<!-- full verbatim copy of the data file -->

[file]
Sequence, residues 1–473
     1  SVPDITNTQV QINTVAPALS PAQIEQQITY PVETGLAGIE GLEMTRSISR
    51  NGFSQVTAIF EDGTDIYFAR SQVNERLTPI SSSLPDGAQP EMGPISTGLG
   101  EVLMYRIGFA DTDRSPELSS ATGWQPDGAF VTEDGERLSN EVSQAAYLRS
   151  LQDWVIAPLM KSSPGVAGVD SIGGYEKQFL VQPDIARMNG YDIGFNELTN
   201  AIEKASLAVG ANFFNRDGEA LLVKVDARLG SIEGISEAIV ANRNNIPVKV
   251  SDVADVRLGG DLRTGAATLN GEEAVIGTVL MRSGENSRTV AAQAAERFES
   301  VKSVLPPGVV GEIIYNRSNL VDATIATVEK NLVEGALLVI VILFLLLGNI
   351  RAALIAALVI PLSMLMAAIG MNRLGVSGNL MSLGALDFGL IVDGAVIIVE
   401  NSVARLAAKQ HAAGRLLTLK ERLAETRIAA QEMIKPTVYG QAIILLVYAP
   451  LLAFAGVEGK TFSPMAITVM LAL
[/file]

Sequence, residues 1–473
     1  SVPDITNTQV QINTVAPALS PAQIEQQITY PVETGLAGIE GLEMTRSISR
    51  NGFSQVTAIF EDGTDIYFAR SQVNERLTPI SSSLPDGAQP EMGPISTGLG
   101  EVLMYRIGFA DTDRSPELSS ATGWQPDGAF VTEDGERLSN EVSQAAYLRS
   151  LQDWVIAPLM KSSPGVAGVD SIGGYEKQFL VQPDIARMNG YDIGFNELTN
   201  AIEKASLAVG ANFFNRDGEA LLVKVDARLG SIEGISEAIV ANRNNIPVKV
   251  SDVADVRLGG DLRTGAATLN GEEAVIGTVL MRSGENSRTV AAQAAERFES
   301  VKSVLPPGVV GEIIYNRSNL VDATIATVEK NLVEGALLVI VILFLLLGNI
   351  RAALIAALVI PLSMLMAAIG MNRLGVSGNL MSLGALDFGL IVDGAVIIVE
   401  NSVARLAAKQ HAAGRLLTLK ERLAETRIAA QEMIKPTVYG QAIILLVYAP
   451  LLAFAGVEGK TFSPMAITVM LAL